Linked by Thom Holwerda on Tue 16th Nov 2010 22:48 UTC, submitted by Michael
Linux "In recent weeks and months there has been quite a bit of work towards improving the responsiveness of the Linux desktop with some very significant milestones building up recently and new patches continuing to come. This work is greatly improving the experience of the Linux desktop when the computer is withstanding a great deal of CPU load and memory strain. Fortunately, the exciting improvements are far from over. There is a new patch that has not yet been merged but has undergone a few revisions over the past several weeks and it is quite small - just over 200 lines of code - but it does wonders for the Linux desktop."
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RE[2]: Comment by tetek
by tetek on Wed 17th Nov 2010 10:01 UTC in reply to "RE: Comment by tetek"
tetek
Member since:
2010-10-04

Use arguments

Reply Parent Score: 1

RE[3]: Comment by tetek
by gilboa on Wed 17th Nov 2010 11:18 in reply to "RE[2]: Comment by tetek"
gilboa Member since:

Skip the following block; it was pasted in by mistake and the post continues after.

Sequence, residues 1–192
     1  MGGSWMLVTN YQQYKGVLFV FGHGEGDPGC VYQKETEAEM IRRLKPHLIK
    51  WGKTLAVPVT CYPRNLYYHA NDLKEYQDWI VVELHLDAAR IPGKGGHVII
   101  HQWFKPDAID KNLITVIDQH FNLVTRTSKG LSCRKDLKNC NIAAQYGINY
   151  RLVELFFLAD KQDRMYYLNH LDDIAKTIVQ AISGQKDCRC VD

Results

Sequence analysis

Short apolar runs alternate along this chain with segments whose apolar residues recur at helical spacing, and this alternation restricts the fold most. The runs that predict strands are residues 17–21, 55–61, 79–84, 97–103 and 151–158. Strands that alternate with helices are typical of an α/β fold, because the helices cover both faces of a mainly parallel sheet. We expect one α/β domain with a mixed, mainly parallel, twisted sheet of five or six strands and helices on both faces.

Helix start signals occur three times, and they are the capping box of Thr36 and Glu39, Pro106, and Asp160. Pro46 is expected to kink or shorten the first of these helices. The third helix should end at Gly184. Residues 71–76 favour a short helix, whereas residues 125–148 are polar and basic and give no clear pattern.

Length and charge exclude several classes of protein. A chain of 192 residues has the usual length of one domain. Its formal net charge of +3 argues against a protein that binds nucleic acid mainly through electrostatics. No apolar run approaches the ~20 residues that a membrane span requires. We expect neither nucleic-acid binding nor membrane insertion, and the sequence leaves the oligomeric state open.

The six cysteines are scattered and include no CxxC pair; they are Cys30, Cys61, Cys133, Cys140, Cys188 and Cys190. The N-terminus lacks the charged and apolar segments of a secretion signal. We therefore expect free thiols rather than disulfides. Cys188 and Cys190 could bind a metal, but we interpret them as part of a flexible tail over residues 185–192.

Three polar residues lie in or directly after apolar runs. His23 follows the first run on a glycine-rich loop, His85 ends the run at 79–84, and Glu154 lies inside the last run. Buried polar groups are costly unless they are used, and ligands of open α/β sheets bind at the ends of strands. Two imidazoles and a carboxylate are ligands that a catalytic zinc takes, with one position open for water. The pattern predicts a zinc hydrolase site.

2005-07-06

Your question is based on two assumptions:
A. Kernel development (especially code profiling) is easy.
B. Finding the right balance between interactive and non-interactive processes is easy - especially when dealing with generic kernel schedulers, such as the Linux scheduler.

- Gilboa

Reply Parent Score: 4

RE[4]: Comment by tetek
by tetek on Wed 17th Nov 2010 12:03 in reply to "RE[3]: Comment by tetek"
tetek Member since:
2010-10-04

OK, but Linux has community for about what? 15 years? For 15 years no one done it right? What changed? It was pure luck? We have now better tools? We are smarter now (as a population)? We know more about operation systems theory?
And especially - why no one bother to do it earlier? It's system core - it has to be top - notch!

Reply Parent Score: 1